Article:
Study: Time Restricted Eating Has Major Health Benefits

A new study from the famous Salk Institute shows that time-restricted eating (TRE), which is popular as a weight loss strategy, also has significant health benefits – from disease prevention to helping people survive infections like COVID-19. While some of the benefits are gender and age dependent, the shocking results suggest that TRE could be used as an inexpensive treatment for some of the most common conditions affecting Americans, as it improves glucose metabolism, boosts immune response, and lowers inflammation.

We know that intermittent fasting – another way of thinking about a limited-time diet where you eat all of your calories during a limited window of time and then fast for the rest of the day or night – can help people lose weight. But this new study found that it also has health benefits that are diverse and significant. Using TRE as a strategy can help reduce the risk of type 2 diabetes, fatty liver disease, and even liver cancer, and there is some evidence that it may help treat infectious diseases like COVID-19.

Time-Restricted Eating (TRE) is defined as a diet that restricts eating to certain times of the day and then fasts the rest of the time. TRE has become extremely popular for weight loss because it lowers blood sugar levels during Lent and forces the body to pull fat from storage to use as fuel as soon as the body has the available energy (such as glycogen, which is found in the liver, muscles and other cells) is used up.

Study shows that time-restricted eating helps regulate blood sugar levels

In the study, researchers fed male and female mice a high-fat and high-sugar diet appropriate for the ages of 20- and 42-year-old humans and restricted their food intake to nine hours. They looked at how TRE affected fatty liver disease, glucose regulation, muscle mass, performance and endurance, and sepsis survival, and were curious to see if there was a difference in benefits for male and female mice. The study also drew on the animals’ circadian clocks – since mice generally sleep during the day and are active and eat at night (which is why they are rarely seen in your kitchen).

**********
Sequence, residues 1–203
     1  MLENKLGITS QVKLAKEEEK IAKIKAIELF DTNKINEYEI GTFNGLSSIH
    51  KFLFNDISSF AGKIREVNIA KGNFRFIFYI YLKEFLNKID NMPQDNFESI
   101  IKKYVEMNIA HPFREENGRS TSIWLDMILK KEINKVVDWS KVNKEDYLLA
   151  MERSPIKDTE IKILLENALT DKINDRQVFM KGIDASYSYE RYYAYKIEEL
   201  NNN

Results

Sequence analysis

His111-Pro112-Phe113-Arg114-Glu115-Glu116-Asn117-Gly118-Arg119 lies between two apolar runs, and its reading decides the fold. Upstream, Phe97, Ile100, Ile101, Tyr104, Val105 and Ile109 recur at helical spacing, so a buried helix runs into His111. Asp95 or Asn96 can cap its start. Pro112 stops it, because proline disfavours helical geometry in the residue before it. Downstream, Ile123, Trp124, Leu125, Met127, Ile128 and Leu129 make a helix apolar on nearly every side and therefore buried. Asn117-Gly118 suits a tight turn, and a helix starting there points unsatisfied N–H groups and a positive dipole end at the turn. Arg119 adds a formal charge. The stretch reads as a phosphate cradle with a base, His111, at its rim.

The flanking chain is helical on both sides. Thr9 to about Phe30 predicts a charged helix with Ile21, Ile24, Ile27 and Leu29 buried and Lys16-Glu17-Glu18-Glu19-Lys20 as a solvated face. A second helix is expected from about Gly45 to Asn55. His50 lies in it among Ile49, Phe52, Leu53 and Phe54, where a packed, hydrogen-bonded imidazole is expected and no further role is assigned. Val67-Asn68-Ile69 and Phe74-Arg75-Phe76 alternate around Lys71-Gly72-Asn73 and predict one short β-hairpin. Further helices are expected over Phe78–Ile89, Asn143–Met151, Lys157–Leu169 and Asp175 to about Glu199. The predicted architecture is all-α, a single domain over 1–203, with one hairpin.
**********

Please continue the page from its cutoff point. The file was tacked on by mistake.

Here are the surprising results: TRE offered significant protection against fatty liver disease, regardless of the age or sex of the animals tested. This is significant because fatty liver disease affects more than 80 million Americans alone, according to the CDC.

Eating limited time helps regulate blood sugar and glucose tolerance

“We were surprised that the females who received TRE were not protected from weight gain, but still showed metabolic benefits, including less fatty liver and better controlled blood sugar,” said one of the study authors, Amandine Chaix, who worked at the Salk laboratory. who conducted the research and is now Assistant Professor in the Nutrition & Integrative Physiology Department at the University of Utah. She was quoted in Cell Reports magazine.

TRE (the study named for Time-Restricted Feeding in TRF) has been linked to better blood sugar tolerance than the mice in the control group, making this strategy an effective, drug-free method for treating prediabetes or metabolic syndrome, which, according to the CDC, has reached epidemic proportions in the United States.